"This is just for political purposes. The Taiwanese are not in the same league as the other threats and they are the one country on the list that is not a mortal enemy of the United States."
Justice Department sources said the memorandum was written by Frances Fragos Townsend, counsel for intelligence policy and a political appointee who is close to Miss Reno. Miss Townsend was criticized in a recent internal Justice Department report for turning down an FBI request for a wiretap of Los Alamos National Laboratory scientist Wen Ho Lee.
Mr. Lee is the chief suspect in an FBI investigation of Chinese nuclear spying. He was indicted in December for mishandling nuclear secrets.
The former official said the danger from "politicizing" the threat list is that "it has the practical effect of distorting the focus of the FBI and other intelligence community agencies" charged with protecting national security.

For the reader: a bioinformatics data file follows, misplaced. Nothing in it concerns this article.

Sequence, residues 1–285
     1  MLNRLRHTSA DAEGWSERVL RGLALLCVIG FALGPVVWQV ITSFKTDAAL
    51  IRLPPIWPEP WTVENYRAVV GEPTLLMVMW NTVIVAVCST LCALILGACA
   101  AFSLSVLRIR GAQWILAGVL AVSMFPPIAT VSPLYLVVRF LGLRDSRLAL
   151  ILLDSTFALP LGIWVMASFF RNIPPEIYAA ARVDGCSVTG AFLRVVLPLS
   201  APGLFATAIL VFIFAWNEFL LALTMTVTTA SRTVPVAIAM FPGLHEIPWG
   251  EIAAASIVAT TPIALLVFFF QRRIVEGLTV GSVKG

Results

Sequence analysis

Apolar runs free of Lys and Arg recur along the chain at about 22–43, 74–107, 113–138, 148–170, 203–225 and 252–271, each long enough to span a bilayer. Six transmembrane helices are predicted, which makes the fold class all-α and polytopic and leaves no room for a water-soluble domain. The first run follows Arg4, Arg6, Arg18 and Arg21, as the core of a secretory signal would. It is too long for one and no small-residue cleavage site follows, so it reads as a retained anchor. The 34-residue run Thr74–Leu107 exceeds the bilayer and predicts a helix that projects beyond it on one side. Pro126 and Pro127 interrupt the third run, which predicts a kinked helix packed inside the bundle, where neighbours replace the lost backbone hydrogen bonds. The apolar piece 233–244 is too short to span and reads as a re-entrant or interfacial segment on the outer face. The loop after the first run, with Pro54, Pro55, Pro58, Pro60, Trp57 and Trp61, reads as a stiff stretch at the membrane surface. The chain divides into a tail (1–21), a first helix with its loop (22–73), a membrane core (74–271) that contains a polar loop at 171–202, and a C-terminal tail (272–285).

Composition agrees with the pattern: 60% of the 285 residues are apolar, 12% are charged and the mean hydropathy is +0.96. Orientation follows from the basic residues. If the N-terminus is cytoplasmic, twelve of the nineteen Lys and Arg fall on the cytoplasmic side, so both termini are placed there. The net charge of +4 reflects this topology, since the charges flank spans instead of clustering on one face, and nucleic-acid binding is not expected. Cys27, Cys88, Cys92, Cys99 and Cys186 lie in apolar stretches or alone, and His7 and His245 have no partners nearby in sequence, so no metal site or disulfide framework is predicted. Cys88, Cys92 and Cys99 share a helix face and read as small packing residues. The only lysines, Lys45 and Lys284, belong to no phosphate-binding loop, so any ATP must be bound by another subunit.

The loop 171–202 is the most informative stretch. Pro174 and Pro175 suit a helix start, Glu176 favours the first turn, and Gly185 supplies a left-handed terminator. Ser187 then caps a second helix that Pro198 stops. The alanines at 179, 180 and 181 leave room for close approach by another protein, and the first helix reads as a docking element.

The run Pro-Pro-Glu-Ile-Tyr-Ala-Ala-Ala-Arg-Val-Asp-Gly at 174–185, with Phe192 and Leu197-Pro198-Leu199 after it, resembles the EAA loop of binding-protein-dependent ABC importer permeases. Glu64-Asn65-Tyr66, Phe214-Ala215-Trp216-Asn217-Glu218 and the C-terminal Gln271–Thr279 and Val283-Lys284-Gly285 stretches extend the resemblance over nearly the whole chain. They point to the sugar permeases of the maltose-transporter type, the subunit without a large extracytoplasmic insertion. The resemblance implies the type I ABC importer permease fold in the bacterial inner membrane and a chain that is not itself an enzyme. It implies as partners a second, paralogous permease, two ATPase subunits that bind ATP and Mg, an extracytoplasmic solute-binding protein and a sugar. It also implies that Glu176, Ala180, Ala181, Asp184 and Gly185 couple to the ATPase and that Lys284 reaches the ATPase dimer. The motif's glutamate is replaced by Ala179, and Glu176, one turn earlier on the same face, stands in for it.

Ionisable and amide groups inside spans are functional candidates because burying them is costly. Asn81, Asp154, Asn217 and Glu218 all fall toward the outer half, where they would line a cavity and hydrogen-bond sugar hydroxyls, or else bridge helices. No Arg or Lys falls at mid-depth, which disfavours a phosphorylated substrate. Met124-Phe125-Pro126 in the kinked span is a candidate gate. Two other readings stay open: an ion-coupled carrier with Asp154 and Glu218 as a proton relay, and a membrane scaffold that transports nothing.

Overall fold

"It distorts the reality of the threat and confuses people," he said.
Said a second former high-ranking intelligence official, "Why isn't Israel on the list?"
Taiwan's intelligence service in the past has engaged in intelligence gathering aimed at classified information, and also has sought weapons technology. However, the Taiwanese have not been involved in recent cases, this former official said.
"I'm really surprised," he said of Taiwan's inclusion on the list.
A current U.S. government official involved in China issues said putting Taiwan on the threat list reflects the administration's pro-Beijing and anti-Taiwan stance. "The administration clearly sees Taiwan as the problem, as a provocateur and troublemaker," he said.
Seven of the threat nations are states subject to U.S. sanctions as state sponsors of international terrorism: Cuba, North Korea, Syria, Iraq, Iran, Libya and Sudan.
The FBI National Security Division stated in a separate document that the threat issues apply to the activities of all foreign nations, "with special attention given to those nations determined to be a strategic national security threat." The strategic national security threats are those on the threat list.